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Flash Projects

With all Flash animation projects, remember to preview your animation often while you are working on the project. It is much easier to correct a mistake just after you have made it than later on. The final result of each project should be exported as a SWF. As we do not cover Flash scripting in Digital Media Tools, these projects do not require scripting knowledge, and are therefore focussed on Flash’s animation features.

Where these projects require importing one or more bitmapped images you should make sure that the bitmaps are of a suitable size and resolution (and colour mode, where appropriate) before you start working in Flash. Use Photoshop to prepare your images where necessary. Note that the way that Flash handles Trace Bitmap operations can be very demanding on your processor.

Animating a Bitmapped Image

Import a (small) bitmapped image in black and white into a new Flash document and copy it into 30 keyframes. (You will probably need to prepare your image first: use Photoshop to downsample it and convert it to greyscale.) Use Modify>Bitmap>Trace Bitmap with different settings in each frame to make an animation where the appearance of the image changes from frame to frame (experiment a bit first and make sure you understand how the settings work before you trace all the images). Now choose one part of the vectorized image and apply colour to it in every frame. If you think it will work well in your animation, vary the colour of this element from frame to frame too – otherwise just apply the same colour in every frame. When you are satisfied with the result, copy frames 2 to 29, paste them into the timeline after the original 30 frames, and reverse the copied frames. You should now have a perpetually looping animation that plays smoothly.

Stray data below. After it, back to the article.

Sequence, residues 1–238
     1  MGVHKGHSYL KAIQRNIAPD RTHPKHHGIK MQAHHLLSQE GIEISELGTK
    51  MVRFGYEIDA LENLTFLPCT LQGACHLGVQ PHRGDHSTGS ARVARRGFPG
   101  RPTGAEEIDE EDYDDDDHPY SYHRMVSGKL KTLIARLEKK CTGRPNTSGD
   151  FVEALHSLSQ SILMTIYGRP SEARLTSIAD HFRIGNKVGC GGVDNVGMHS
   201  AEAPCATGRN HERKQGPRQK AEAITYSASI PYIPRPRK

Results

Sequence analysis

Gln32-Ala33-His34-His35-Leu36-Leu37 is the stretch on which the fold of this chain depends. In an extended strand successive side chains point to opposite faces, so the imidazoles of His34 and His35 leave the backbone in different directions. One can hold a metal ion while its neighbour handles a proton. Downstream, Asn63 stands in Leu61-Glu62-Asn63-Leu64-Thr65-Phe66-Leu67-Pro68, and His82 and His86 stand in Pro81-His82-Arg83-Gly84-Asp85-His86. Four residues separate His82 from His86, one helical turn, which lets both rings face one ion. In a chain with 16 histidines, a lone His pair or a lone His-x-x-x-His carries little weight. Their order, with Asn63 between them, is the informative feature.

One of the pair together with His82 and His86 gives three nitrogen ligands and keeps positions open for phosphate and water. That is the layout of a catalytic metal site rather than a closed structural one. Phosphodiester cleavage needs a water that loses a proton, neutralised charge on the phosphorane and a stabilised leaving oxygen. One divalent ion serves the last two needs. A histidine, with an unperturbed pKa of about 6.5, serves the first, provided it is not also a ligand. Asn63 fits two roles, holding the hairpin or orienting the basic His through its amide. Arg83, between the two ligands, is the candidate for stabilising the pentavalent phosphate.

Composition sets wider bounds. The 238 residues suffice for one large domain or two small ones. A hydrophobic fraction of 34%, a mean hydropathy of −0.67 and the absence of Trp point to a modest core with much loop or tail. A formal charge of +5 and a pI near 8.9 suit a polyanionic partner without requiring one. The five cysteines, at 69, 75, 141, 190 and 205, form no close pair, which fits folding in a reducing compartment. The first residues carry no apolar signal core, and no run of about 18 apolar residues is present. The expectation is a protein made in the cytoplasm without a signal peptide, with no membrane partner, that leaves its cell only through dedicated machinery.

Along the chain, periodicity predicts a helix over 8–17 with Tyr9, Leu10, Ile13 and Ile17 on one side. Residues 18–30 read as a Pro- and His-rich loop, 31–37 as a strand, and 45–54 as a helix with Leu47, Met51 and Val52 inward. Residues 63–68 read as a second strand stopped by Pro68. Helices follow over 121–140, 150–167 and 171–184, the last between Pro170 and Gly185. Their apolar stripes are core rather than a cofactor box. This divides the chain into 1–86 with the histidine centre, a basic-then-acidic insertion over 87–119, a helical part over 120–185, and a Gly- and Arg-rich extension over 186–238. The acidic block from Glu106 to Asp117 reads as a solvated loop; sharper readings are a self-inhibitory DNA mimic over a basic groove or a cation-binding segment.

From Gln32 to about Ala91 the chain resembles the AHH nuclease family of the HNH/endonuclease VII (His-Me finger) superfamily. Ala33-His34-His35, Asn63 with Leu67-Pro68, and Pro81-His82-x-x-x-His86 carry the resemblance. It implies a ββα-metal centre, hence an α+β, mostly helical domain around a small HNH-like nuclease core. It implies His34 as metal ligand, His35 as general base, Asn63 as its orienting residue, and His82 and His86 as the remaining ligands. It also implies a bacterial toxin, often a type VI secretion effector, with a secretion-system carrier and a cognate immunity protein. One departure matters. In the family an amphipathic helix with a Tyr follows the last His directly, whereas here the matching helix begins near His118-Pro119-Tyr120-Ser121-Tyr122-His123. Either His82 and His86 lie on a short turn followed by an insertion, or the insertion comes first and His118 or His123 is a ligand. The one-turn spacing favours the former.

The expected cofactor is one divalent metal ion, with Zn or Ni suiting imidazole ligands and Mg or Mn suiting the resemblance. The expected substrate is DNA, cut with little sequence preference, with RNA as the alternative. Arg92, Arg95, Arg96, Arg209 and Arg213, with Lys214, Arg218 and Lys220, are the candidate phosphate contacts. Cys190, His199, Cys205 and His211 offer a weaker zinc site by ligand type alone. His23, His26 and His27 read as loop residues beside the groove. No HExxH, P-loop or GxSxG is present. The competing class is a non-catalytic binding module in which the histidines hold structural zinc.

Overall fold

Motion Graphics from a Single Bitmap

Import a photograph and use Modify>Bitmap>Trace Bitmap with “coarse” settings that give a bold and simplified graphic result. Delete any parts of the resulting vector image that seem superfluous to a simple motion graphic. Now use tweening combined with any other of Flash’s tools you like to produce an attractive abstract animation derived from the original image. The length of the animation will depend upon how sophisticated you want to make it. You could, for example, copy elements of the vector image to different layers and animate them independently over many frames.

Bitmap Fills

Note: we don’t describe how to apply a bitmap fill in Chapter 6, but it is simple to do. Import a bitmap to the Library, and when you have a graphic object selected, use the pop-up menu on the right of the Color panel to select Bitmap. It’s worth experimenting with this before you start – results may not be quite as you expect. In particular, note that bitmap fills are tiled.